"Look Hercules. You can't con me. I know you were feeling better a week ago. We could have left at any time but---," Iolaus said holding up a hand to forestall Hercules from interrupting, "I also know it was important for Alcmene and you to spend some time together and I was happy to wait. Heck, it was a nice little break for me too. I am mortal, you know and keeping up with you is a big job."
Hercules smiled. Iolaus had no clue how close to the target he really was.
"So anyway, like I said, I was happy to play this little charade but, well, Herc, when I was in town this morning getting the herbs for Alcmene, I was approached by a man from Thestle. He told me a monster is ravaging his village and he came to seek out your--- our help. As much as I don't want this vacation," he half-smiled, "to end, this guy really sounded desperate. I think we need to go and help the village."
"Of course we do. Mother will--- understand I'm sure," Hercules said with emphasis. "We will leave at first light of the morning. Guess we'll have to get word to the man from Thestle."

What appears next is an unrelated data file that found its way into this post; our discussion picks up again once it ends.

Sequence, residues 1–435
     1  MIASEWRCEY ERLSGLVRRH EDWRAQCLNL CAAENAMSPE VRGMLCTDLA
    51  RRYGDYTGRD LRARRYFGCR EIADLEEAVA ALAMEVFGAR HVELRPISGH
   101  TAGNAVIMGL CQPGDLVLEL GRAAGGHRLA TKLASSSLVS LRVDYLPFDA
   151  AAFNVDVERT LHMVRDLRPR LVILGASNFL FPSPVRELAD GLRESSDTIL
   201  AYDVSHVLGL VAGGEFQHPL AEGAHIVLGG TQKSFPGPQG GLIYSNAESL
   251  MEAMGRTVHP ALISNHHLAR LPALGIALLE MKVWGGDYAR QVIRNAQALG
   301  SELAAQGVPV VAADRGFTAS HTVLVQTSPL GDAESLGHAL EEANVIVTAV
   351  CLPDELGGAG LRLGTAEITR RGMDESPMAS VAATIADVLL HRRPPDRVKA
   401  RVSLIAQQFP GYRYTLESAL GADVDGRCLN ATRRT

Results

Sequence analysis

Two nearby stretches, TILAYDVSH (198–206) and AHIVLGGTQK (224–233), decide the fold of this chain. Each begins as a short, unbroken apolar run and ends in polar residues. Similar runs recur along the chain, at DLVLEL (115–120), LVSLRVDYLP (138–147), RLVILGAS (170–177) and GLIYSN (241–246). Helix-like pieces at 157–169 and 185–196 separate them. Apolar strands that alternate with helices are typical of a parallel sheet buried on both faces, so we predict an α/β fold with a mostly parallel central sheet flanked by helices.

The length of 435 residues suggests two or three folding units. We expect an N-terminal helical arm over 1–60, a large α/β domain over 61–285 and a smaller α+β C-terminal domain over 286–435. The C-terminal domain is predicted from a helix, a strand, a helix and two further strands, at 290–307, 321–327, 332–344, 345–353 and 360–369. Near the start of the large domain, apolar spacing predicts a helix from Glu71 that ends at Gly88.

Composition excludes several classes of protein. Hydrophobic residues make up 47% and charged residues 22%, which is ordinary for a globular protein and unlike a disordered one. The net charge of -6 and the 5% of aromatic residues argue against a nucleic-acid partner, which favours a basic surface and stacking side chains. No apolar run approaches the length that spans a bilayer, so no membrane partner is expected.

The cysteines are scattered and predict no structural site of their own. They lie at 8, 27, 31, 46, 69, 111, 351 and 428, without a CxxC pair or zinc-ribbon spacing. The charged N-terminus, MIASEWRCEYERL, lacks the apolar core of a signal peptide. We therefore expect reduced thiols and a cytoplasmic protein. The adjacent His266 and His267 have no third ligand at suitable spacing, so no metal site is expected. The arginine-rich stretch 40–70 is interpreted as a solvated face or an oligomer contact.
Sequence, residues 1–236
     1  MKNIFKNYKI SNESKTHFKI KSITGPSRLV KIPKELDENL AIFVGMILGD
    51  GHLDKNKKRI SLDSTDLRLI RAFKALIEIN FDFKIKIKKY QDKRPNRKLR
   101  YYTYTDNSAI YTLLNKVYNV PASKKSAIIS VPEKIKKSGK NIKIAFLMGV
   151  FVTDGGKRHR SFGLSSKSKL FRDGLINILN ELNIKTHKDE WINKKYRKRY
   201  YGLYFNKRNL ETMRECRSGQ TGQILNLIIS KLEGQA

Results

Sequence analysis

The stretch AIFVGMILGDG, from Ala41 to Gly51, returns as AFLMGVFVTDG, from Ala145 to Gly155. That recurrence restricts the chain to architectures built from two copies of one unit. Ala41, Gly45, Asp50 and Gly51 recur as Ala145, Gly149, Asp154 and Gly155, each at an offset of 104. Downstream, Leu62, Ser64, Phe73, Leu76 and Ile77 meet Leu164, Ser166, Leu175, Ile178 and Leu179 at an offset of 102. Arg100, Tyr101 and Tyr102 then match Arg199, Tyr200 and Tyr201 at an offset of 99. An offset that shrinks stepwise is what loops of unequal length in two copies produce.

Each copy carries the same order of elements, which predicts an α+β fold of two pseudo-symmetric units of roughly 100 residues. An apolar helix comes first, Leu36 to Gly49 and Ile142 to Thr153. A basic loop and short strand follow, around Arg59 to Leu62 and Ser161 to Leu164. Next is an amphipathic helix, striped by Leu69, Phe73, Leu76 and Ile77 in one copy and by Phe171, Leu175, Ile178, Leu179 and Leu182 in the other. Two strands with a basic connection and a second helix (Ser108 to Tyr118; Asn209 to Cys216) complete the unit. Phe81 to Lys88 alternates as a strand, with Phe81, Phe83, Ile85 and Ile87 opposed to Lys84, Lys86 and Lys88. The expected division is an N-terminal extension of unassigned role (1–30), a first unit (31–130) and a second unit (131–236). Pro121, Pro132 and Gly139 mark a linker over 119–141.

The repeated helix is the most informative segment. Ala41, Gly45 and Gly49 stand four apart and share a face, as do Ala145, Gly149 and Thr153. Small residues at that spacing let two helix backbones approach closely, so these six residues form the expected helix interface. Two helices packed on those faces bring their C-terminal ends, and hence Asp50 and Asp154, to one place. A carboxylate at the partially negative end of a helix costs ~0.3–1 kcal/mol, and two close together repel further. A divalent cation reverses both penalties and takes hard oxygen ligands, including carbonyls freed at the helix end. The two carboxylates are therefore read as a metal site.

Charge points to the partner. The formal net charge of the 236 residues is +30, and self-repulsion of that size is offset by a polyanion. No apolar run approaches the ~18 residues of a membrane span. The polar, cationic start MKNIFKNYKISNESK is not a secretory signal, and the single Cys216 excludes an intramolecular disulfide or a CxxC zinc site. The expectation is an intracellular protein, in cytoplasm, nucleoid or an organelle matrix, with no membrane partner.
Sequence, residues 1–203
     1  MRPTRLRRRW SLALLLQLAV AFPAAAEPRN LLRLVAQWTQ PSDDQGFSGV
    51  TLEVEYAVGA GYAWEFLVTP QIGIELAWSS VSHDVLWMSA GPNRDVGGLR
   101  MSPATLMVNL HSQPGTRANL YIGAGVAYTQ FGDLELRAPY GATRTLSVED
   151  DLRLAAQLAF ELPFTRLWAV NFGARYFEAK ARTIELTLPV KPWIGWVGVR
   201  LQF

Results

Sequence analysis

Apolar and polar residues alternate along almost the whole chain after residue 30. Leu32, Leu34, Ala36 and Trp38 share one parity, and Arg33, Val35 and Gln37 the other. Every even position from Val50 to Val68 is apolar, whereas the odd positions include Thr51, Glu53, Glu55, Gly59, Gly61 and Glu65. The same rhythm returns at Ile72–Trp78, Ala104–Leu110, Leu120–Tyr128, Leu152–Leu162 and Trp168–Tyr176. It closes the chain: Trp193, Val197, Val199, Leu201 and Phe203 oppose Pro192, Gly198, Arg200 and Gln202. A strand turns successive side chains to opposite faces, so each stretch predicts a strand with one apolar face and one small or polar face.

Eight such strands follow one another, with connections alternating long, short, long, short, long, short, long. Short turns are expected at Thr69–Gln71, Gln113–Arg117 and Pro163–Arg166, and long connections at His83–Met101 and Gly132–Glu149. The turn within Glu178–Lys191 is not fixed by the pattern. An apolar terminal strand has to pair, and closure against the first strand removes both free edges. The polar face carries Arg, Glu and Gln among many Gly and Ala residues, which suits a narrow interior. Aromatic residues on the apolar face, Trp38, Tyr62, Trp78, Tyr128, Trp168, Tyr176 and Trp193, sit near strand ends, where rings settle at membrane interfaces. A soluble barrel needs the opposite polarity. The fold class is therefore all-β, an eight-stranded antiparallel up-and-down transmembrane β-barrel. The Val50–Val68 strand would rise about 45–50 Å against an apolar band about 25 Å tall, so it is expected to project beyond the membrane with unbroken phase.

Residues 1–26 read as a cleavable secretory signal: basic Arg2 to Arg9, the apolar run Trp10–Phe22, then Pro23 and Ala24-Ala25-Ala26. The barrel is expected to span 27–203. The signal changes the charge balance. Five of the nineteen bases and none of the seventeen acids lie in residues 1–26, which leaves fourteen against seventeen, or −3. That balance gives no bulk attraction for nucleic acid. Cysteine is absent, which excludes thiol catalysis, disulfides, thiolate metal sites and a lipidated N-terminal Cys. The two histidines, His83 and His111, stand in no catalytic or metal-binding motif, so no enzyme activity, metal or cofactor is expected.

Iolaus ducked his head a little and grinned, "I kind of already told him we would help."
Hercules laughed and clapped his partner on the back. "You were that sure."
"Herc, we have known each other for how long? I think I know you well enough by now," he replied cheerfully as he stretched out on his back on the bank and patted his taut stomach. "We still have the rest of today to relax and one more great dinner at your mom's. Boy, am I gonna miss her cooking---"
"Then perhaps YOU should spend the rest of the afternoon in the kitchen with Mom learning some cooking tips."
"Me!" Iolaus mocked indignantly.
"Yes you," Hercules replied slapping his friend on the stomach again, "seems how you like to eat so much."
"Hey. Knock it off."